Nevada Corporal Punishment in Public Schools Laws
Created by FindLaw's team of legal writers and editors | Last reviewed June 20, 2016
While it once was the norm, physical discipline (known also as “corporal punishment”) in public schools has been subject to increasing scrutiny in recent years, from both parents and education professionals. Most states have enacted strict laws regarding whether, and when, public school administrators are permitted to hit, spank, or paddle students as a means of punishment.
States can vary on whether it is allowed, so what does the Silver State have to say on the matter? Here is a brief introduction to corporal punishment in public schools laws in Nevada.
Corporal Punishment Statutes in Nevada
Nevada, like most states, prohibits corporal punishment in public schools, and only allows the use of reasonable and necessary force in very limited circumstances. Nevada’s corporal punishment in public schools statutes are listed in the table below.
Nevada Statutes 392.4633: Corporal Punishment Prohibited
Corporal punishment prohibited.
Reasonable and necessary force for: quell disturbance; obtain possession of weapon; self-defense; to escort disruptive student.
History of Corporal Punishment in Public Schools
During the long history of public school discipline in the United States, popular opinion has swung from one extreme to the other, for the most part following public attitudes toward corporal punishment in general. In the middle of the 19th century, as more children began attending public schools, most U.S. educators employed European models of discipline that suggested learning occurred best with encouragement and kindness and therefore discouraged physical punishment in an effort to correct academic errors.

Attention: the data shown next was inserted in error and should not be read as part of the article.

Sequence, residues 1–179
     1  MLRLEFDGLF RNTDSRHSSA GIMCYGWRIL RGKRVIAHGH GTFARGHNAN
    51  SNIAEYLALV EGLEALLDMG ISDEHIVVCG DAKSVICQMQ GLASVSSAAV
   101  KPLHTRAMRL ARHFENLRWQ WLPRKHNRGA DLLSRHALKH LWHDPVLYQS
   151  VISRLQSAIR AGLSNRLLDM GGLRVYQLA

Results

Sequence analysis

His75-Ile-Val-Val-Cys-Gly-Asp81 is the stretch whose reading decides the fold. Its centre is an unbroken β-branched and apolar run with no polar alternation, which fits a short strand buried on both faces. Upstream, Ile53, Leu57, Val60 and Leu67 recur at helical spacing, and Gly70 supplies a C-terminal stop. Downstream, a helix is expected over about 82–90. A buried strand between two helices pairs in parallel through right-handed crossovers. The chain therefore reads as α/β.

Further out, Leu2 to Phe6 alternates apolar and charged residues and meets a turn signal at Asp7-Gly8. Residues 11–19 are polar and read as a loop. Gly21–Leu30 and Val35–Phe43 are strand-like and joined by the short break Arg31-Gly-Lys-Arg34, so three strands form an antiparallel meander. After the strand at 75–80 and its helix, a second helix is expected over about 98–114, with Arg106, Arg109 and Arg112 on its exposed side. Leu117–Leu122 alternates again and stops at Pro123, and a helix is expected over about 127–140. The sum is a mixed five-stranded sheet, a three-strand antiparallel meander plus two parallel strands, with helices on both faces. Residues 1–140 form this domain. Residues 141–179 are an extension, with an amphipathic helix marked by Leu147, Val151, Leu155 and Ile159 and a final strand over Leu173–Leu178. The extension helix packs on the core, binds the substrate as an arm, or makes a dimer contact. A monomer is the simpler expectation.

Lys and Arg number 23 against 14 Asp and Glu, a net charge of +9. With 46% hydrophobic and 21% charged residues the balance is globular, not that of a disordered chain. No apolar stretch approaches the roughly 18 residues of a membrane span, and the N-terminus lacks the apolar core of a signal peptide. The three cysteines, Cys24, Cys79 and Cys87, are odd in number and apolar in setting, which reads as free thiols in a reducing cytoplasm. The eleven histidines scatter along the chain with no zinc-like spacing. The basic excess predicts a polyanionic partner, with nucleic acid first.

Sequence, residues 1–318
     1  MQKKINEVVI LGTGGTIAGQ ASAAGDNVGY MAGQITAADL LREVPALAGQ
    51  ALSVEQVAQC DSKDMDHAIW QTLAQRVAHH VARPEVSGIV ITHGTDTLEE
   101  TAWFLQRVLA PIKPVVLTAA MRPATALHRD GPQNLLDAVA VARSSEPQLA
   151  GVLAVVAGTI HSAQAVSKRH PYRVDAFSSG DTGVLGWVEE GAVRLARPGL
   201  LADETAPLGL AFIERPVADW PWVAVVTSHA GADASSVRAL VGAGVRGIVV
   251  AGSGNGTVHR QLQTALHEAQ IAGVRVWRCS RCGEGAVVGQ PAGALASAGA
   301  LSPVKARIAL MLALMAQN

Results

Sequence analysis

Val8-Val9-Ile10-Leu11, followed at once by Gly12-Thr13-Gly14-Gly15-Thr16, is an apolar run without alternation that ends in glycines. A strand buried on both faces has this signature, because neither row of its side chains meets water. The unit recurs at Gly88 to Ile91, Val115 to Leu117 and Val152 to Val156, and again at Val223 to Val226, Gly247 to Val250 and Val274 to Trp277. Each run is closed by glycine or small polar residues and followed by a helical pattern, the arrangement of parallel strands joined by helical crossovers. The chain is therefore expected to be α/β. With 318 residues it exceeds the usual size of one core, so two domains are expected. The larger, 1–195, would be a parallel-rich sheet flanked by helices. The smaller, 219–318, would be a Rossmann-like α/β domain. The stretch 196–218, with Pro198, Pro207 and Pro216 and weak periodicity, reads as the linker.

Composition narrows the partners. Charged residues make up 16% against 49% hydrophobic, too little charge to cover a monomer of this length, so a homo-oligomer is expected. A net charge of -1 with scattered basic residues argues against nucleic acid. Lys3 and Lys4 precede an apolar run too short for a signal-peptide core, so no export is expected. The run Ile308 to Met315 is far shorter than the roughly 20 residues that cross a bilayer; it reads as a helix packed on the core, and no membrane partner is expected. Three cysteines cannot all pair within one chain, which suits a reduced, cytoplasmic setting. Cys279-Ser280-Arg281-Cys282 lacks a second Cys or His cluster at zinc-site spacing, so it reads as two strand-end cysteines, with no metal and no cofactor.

This perspective began to shift at the beginning of the 1900s, when education was seen more as a process of controlling student behavior while information was conveyed from teachers to students. Model classrooms were filled with well-disciplined students sitting attentively and learning by rote, and to a great extent, this concept continues to shape our modern ideas about classroom behavior and goals.
In the late 20th century, schools responded to media reports of juveniles committing serious felonies on school property and schools portrayed as veritable war zones by instituting “zero tolerance” behavior policies as a more rigorous attempt at student control. However many schools during this same period shifted their focus away from punishing students for bad behavior, based on emerging theories on discipline and punishment that suggested rewarding students for meeting or exceeding educational expectations was more effective.
Related Resources for Nevada Corporal Punishment in Public Schools Laws
State corporal punishment laws, and where reasonable physical force may be allowed, can be confusing. You can consult with a Nevada education attorney in your area if you would like legal assistance regarding an education matter. You can also visit FindLaw's section on School Discipline for additional articles and information on this topic.
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